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You and your baby are both going to spend a lot of time in the nursery, especially when you first bring your baby home, so it's important to make it a calm, comfortable place for both of you.

The Right Environment

Your baby's nursery — whether it's in your bedroom or in a separate room — should be a quiet area where there is subdued lighting and little traffic. Remember, your baby will spend most of the time here looking up, so make sure there are no bright overhead lights.

Her nursery should be a peaceful place, designed for ease of use and comfort. Arrange the furniture and items in a way you think makes the most sense logically, but realize that you may need to rearrange things a little once you figure out what works best for both of you.

Benefits of a Bassinet

In the first months of infancy, you may prefer a bassinet. These portable baby beds can be carried from room to room so you can keep a close watch on your sleeping baby.

A bassinet is not a necessity. And because most bassinets will not support the weight of an older baby, they're useful only for the first four or five months, which makes them a bit of a luxury item.

Choosing a Crib

Your newborn's needs are simple: a firm, flat mattress and a safe enclosure where she will feel protected and secure.

New cribs purchased in the United States must meet new safety regulations and the new federal requirements advise not to use cribs older that 10 years. But if you borrow an older crib, make sure that:

  • The crib slats are no more than two and three eighths (2 3/8) inches apart to prevent your baby's body from slipping through. Ensure there are no missing or cracked slats
  • The mattress fits snugly. You should be able to fit no more than two fingers between the mattress and the side of the crib. Remove any plastic coverings. If a sheet is used, make sure it is a tight, fitted sheet
  • The top section of the corner post is no higher than 1/16 of an inch, or no shorter than 16 inches if there's a canopy, to avoid snagging your baby's clothes or causing injury
  • There are no decorative cutouts in the headboard or footboard — they could catch your baby's head or limbs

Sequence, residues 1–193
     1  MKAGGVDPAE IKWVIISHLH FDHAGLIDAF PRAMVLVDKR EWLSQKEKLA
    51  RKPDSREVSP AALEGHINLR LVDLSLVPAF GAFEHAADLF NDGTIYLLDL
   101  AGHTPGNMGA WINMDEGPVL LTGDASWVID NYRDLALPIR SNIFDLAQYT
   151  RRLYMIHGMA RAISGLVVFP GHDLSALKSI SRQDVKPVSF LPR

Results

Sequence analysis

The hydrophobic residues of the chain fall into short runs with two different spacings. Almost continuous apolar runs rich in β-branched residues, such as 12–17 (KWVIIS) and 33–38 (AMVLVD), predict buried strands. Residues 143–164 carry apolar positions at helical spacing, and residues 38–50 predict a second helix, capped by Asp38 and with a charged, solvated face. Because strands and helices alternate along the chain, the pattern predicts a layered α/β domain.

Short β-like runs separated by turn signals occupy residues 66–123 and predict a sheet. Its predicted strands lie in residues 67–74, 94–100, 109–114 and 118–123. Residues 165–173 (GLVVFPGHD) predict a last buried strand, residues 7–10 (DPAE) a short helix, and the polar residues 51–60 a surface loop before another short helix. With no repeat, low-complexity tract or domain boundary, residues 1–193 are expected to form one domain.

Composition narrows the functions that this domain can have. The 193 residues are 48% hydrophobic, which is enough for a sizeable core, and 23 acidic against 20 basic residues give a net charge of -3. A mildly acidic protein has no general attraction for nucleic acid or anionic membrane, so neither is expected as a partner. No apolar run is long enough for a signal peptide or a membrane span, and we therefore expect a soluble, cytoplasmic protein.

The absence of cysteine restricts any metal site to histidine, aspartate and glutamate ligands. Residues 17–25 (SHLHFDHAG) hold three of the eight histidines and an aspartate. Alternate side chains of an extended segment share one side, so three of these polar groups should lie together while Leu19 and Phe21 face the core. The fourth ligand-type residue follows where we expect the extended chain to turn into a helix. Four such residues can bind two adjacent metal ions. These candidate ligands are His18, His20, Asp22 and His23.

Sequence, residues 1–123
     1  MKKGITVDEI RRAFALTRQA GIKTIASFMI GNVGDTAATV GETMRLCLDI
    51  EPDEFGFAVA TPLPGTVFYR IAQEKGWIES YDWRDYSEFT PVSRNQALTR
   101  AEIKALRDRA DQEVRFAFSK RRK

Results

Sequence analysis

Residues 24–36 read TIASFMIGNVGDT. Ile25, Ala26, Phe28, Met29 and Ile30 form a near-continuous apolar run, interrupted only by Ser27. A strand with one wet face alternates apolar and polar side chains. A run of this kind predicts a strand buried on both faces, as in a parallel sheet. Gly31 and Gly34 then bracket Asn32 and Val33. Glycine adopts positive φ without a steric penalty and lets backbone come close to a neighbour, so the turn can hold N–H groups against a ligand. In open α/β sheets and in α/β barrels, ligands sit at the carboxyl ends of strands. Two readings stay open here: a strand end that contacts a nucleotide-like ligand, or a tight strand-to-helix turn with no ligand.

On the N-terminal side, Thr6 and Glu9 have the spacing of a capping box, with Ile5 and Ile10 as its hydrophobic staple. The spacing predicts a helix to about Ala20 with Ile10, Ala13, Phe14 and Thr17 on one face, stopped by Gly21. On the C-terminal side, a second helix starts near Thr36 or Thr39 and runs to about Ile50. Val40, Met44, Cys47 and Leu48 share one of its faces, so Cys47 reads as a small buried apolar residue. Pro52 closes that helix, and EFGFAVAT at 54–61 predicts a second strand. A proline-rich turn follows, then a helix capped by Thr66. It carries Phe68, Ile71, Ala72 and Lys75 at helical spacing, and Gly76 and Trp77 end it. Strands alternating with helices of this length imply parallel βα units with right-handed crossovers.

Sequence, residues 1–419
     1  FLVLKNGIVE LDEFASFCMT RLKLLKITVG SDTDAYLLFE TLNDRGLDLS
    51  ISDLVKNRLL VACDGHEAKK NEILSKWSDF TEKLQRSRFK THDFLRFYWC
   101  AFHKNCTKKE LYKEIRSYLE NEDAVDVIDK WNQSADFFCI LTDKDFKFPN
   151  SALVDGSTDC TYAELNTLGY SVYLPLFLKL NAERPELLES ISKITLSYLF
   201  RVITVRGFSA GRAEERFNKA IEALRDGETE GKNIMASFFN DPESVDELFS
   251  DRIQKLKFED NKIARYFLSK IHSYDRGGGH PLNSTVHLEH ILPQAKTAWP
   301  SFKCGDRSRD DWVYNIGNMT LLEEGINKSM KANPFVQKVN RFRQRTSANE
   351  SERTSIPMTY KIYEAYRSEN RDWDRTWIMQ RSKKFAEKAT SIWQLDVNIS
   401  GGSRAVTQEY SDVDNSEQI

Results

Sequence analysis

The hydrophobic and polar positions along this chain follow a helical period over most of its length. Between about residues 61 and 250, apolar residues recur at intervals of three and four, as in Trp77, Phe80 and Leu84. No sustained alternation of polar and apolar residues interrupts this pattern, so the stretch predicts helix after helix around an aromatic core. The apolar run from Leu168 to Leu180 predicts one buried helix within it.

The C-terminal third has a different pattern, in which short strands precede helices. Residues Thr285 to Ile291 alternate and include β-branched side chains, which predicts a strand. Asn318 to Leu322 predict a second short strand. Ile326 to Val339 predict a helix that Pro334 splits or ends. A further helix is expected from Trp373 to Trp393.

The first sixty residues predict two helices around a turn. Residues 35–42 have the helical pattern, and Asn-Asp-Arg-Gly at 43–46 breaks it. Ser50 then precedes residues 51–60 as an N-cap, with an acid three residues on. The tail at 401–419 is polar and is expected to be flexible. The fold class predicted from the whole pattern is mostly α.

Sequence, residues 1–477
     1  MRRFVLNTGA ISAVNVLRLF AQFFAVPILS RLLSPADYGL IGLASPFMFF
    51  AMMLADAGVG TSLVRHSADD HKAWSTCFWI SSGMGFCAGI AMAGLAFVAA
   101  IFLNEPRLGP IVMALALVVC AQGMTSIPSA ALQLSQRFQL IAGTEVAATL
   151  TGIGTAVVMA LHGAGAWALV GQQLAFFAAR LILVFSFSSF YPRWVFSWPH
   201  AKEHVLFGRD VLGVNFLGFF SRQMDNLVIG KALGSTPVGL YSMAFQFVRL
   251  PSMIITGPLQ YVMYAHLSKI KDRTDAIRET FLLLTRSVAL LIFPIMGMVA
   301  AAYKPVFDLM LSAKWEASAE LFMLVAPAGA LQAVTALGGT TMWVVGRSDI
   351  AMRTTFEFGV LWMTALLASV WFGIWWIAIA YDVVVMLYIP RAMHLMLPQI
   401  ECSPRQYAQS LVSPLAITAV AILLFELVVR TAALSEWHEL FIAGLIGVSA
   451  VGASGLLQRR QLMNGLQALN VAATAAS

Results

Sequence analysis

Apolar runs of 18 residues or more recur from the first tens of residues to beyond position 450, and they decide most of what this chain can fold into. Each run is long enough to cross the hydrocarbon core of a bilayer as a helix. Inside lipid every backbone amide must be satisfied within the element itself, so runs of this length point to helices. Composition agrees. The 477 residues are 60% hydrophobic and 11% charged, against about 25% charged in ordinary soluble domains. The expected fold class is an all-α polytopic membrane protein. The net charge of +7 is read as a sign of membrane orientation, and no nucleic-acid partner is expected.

• To prevent entanglement, be sure to remove all mobile or hanging items by the time your baby is 4 months old or begins to pull herself up. And when your baby is less than four months, make sure the mobile is out of reach and securely fastened so it can't fall into the crib
  • The crib is never near a window with blind, curtain cords or baby monitor cords; babies can strangle themselves on cords. Never place a crib near windows where the window is accessible from the crib
  • The crib does not have drop sides — these are no longer permitted per the latest safety guidelines and federal regulations
  • All crib parts are secure using original hardware. Makeshift repairs can be unsafe
  • You check recall lists for older cribs. You can access these at CPSC.gov

Sleep Safety

  • To reduce the risk of Sudden Baby Death Syndrome (SIDS), your baby should be placed on her back when it's time to sleep. Remember the phrase "Back to Sleep," and be sure that everyone who cares for your child follows this rule, even at naptime
  • The sleeping surface must be firm and flat
  • Fluffy pillows, crib bumpers, blankets and toys should never be placed in the crib with a sleeping baby
  • Do not use sleep-positioning devices. These may look like a good idea, but your baby can become trapped and suffocate
  • Your baby can be kept warm by using a sleeper, such as a zipper sleeper. Do not use sleepers that can ride up and potentially cover your baby’s face

For more on baby sleep safety, visit CPSC.gov, aap.org, and keepingbabiessafe.org.

Changing Table

To change your baby’s diaper, you can use a changing table specifically designed for baby diaper changing. You can also use a flat, secure surface (like the floor or bed), covered with a changing pad or towel. Whatever you choose, be sure the surface is sturdy.

If you buy a changing table specifically designed for baby diaper changing, make sure that:

  • The changing table is sturdy and stable, with a 2-inch guardrail around all four sides. The top of the changing table should be concave, so that the middle is slightly lower than the sides
  • You secure the changing table to the wall (to the studs), if possible, to prevent tip-overs. If the table has wheels, be sure they are locked
  • Have all your supplies ready before you change your baby. Make sure they are within your reach, but out of your baby’s reach. Do not give your baby product containers to hold while you are changing her; give her a toy to hold instead

Never leave your baby alone on a changing table, not even for a minute. ALWAYS keep one hand on your baby when using a changing table, even when you are using the provided safety strap. Ignore the phone during this time — your baby’s safety comes first!

Before you purchase or use any changing table, check for recalls at CPSC.gov.

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